I work with lots of different servers and would like to unify my vimrc across them all. I see that vim has the source command, which I'm assuming works similar to bash. In bash, to source a file from a webpage you go

. <(curl -s domain.com)

How can I do this with vim? I'm aware that I can instead apply each vim setting by adding an alias like so:

alias vim="vim +'colorscheme elflord'"

but I'd rather not pass thru all my settings like that. I don't want to have to create a file on the local server I'm on, hence the desire to instead source into the local session. Any ideas would be appreciated!

  • I'm not sure, but maybe you could try this: $ vim -Nu <(curl url) Oct 29, 2016 at 7:23
  • Wow, this actually worked. So simple too. I'll accept this as an answer as it fits my requirements if you post!
    – Egrodo
    Oct 30, 2016 at 3:47

2 Answers 2


From :h -u:

-u {vimrc}  The file {vimrc} is read for initializations.  Most other
        initializations are skipped; see |initialization|.  This can
        be used to start Vim in a special mode, with special
        mappings and settings.  A shell alias can be used to make
        this easy to use.  For example:  
            alias vimc vim -u ~/.c_vimrc !*

So, when you want to start Vim with a custom vimrc, you can use:

$ vim -u {custom_vimrc}

But starting Vim like this will enable the 'compatible' option:

    Using the "-u" argument has the side effect that the
    'compatible' option will be on by default.  This can have
    unexpected effects.  See |'compatible'|.

… which is probably not what you want. To be sure 'compatible' is disabled, you can add the -N argument:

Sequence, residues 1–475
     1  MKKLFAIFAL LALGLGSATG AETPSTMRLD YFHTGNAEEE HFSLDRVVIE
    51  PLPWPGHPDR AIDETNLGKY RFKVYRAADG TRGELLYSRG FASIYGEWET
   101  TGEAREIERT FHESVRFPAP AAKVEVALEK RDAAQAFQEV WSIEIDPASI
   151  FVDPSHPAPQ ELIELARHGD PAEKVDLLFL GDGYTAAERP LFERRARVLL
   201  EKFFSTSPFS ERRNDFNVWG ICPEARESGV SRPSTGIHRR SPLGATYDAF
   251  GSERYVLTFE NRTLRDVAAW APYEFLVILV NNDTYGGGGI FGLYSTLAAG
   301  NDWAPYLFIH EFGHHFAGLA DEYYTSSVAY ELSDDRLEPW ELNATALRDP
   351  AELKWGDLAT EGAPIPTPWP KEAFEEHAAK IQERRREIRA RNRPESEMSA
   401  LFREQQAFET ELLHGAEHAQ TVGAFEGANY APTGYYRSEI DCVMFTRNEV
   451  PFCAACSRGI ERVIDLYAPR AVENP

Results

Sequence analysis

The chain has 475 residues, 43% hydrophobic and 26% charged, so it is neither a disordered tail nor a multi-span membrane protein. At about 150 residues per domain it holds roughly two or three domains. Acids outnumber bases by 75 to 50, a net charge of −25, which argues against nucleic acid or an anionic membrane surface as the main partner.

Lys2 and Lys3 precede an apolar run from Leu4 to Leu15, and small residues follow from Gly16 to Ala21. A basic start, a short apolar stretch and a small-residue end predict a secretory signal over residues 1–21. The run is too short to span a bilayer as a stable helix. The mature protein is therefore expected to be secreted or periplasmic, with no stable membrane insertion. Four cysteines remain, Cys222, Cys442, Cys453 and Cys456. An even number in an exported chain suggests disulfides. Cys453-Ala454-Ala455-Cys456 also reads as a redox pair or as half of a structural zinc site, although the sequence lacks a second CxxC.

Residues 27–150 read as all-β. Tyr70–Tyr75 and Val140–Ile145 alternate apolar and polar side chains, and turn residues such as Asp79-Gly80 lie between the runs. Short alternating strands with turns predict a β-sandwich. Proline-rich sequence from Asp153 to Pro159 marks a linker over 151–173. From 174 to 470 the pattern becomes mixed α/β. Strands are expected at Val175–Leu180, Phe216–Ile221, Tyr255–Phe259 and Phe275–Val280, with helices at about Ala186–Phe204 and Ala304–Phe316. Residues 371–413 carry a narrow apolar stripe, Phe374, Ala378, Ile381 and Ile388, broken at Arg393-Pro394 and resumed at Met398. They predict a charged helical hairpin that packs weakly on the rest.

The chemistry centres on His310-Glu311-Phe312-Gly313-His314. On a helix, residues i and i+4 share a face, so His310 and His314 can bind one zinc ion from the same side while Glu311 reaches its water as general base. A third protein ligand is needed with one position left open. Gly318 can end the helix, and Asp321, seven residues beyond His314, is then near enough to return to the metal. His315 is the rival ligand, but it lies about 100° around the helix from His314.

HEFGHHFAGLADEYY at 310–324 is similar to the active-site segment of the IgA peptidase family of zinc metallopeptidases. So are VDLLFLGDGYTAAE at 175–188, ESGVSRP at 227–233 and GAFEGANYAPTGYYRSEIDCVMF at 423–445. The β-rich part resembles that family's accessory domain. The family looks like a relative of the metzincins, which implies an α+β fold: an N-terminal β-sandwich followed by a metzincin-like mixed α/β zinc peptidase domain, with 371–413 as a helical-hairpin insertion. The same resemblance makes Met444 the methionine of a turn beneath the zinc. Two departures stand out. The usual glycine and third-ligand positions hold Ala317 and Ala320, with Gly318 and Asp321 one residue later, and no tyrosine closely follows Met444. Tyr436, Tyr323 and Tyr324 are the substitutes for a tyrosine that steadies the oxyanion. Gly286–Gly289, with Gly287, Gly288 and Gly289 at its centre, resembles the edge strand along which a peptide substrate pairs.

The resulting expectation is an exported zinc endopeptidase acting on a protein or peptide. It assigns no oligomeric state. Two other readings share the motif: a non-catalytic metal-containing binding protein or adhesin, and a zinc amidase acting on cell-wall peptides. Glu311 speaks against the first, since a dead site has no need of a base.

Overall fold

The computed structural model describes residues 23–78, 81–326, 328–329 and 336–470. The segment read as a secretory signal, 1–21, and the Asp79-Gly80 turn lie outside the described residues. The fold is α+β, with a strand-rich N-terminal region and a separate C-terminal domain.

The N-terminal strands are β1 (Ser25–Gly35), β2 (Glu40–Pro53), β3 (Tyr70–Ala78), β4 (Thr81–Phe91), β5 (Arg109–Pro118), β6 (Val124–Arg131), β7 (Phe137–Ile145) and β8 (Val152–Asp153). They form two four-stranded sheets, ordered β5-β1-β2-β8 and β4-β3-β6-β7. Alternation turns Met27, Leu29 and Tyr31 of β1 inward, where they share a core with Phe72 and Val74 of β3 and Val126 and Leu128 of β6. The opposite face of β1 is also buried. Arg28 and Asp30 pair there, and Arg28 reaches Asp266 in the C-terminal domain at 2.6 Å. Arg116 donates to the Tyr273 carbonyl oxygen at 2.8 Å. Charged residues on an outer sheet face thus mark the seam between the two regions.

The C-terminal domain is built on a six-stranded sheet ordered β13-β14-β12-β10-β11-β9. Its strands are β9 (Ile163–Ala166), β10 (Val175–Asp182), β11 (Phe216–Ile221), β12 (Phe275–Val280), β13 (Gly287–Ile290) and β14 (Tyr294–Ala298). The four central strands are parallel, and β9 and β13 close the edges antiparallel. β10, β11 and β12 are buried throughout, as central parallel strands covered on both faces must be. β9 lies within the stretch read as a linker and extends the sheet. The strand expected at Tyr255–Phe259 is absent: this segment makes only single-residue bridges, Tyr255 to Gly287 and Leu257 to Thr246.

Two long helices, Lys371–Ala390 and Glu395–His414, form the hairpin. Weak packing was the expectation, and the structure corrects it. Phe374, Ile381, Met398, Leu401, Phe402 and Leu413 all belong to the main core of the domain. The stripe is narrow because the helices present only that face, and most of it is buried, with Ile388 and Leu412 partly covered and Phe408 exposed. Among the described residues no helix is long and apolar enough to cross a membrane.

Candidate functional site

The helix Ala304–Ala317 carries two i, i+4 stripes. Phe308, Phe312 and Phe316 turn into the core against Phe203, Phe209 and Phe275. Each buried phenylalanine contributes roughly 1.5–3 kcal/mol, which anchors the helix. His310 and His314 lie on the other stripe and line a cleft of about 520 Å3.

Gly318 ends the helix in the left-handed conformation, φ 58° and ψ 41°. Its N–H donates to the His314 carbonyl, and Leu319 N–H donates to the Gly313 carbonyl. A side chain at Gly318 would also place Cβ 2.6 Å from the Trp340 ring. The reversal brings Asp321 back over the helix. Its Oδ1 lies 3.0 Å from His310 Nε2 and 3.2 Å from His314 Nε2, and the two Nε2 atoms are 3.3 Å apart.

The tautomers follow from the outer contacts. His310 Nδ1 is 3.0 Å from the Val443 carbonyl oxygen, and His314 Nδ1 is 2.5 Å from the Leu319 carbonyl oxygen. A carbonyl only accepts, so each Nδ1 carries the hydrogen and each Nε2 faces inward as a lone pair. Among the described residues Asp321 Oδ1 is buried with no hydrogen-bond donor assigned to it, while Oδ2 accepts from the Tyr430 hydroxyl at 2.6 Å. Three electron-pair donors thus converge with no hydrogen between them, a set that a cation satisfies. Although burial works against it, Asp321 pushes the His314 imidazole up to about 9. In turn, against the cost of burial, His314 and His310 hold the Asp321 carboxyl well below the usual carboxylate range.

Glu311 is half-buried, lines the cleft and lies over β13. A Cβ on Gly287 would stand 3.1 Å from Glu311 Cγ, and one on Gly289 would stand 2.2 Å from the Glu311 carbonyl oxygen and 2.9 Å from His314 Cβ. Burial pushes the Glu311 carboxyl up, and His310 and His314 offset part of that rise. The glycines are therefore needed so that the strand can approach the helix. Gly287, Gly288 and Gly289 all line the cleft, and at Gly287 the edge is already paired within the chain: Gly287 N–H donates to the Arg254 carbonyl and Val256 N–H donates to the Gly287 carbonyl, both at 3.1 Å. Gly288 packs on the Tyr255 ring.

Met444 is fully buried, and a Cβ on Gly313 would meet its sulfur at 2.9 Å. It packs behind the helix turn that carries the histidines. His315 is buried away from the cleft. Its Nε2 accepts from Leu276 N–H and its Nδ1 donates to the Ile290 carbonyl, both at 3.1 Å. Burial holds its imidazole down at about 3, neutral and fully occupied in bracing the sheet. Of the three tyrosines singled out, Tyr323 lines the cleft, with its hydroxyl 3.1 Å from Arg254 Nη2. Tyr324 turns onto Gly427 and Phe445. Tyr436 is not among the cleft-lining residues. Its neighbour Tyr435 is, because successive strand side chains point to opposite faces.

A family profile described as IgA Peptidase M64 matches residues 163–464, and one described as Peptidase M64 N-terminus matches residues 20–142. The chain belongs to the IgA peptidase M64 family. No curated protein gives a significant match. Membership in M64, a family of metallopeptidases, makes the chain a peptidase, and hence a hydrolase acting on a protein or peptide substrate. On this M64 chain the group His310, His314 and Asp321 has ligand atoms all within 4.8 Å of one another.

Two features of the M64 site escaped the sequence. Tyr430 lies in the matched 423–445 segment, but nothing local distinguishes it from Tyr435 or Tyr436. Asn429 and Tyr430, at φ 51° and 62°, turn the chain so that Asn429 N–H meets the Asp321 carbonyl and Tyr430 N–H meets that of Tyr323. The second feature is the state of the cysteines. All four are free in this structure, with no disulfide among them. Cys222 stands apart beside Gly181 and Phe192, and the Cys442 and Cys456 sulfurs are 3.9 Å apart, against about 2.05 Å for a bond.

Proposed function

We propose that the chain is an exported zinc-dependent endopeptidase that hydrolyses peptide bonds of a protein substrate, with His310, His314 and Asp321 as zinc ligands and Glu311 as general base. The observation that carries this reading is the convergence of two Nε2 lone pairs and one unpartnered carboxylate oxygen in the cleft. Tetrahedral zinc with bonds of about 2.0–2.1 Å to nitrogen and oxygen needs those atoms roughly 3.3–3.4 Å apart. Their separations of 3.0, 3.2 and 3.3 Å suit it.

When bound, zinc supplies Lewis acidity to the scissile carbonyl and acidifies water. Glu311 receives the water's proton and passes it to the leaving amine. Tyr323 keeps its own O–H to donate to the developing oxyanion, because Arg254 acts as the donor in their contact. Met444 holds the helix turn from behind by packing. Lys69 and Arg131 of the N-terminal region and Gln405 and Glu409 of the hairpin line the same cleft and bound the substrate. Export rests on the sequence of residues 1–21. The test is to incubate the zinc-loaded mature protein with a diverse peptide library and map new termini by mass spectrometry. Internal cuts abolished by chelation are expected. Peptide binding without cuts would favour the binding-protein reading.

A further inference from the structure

$ vim -Nu {custom_vimrc}

Finally, if your {custom_vimrc} file is not on your local machine but on the web, you can use a process substitution, which appears to be:

a form of redirection where the input or output of a process (some sequence of commands) appear as a temporary file.

One of the possible syntax using process substitution seems to be:

$ shell_command <( <LIST> )

… where <LIST> is a command list.

You could use this to make the output of the shell command curl url appear as a temporary file to vim -Nu. So, maybe you could start Vim from your shell with a command like this:

$ vim -Nu <(curl url)

For example:

$ vim -Nu <(curl https://raw.githubusercontent.com/tpope/vim-sensible/master/plugin/sensible.vim)

AFAIK, source doesn't let you source anything other than a file.

This function is a little bit dirty but it works:

function! GetAndSource(url)

  execute '!curl ' . a:url . ' -o vimrc.vim'
  source vimrc.vim
  execute '!rm vimrc.vim'


command! -nargs=1 GS call GetAndSource(<f-args>)
This function will curl the file, source it and delete it afterwards.

Obviously you can execute each element separately, and it'll work the same.
  • nice, I just tried tested this with a vimrc from rawgit.com - as last I checked - github had ceased providing raw files with correct HTTP headers (i.e. they would only serve the file wrapped in a HTML webpage). But interestingly it seems github have restored their raw file service, e.g. this URL would work with your function raw.githubusercontent.com/thoughtbot/dotfiles/master/vimrc Oct 29, 2016 at 5:16
  • Would prefer not to create any files, but I'll definitely keep this in mind, thanks!I
    – Egrodo
    Oct 30, 2016 at 3:47
  • Starting with Vim 9, you can source unnamed buffers and a range of lines in a file/buffer. You can get the output of curl into a buffer and invoke ":source" without any arguments to source the current buffer. Sep 8, 2022 at 14:03

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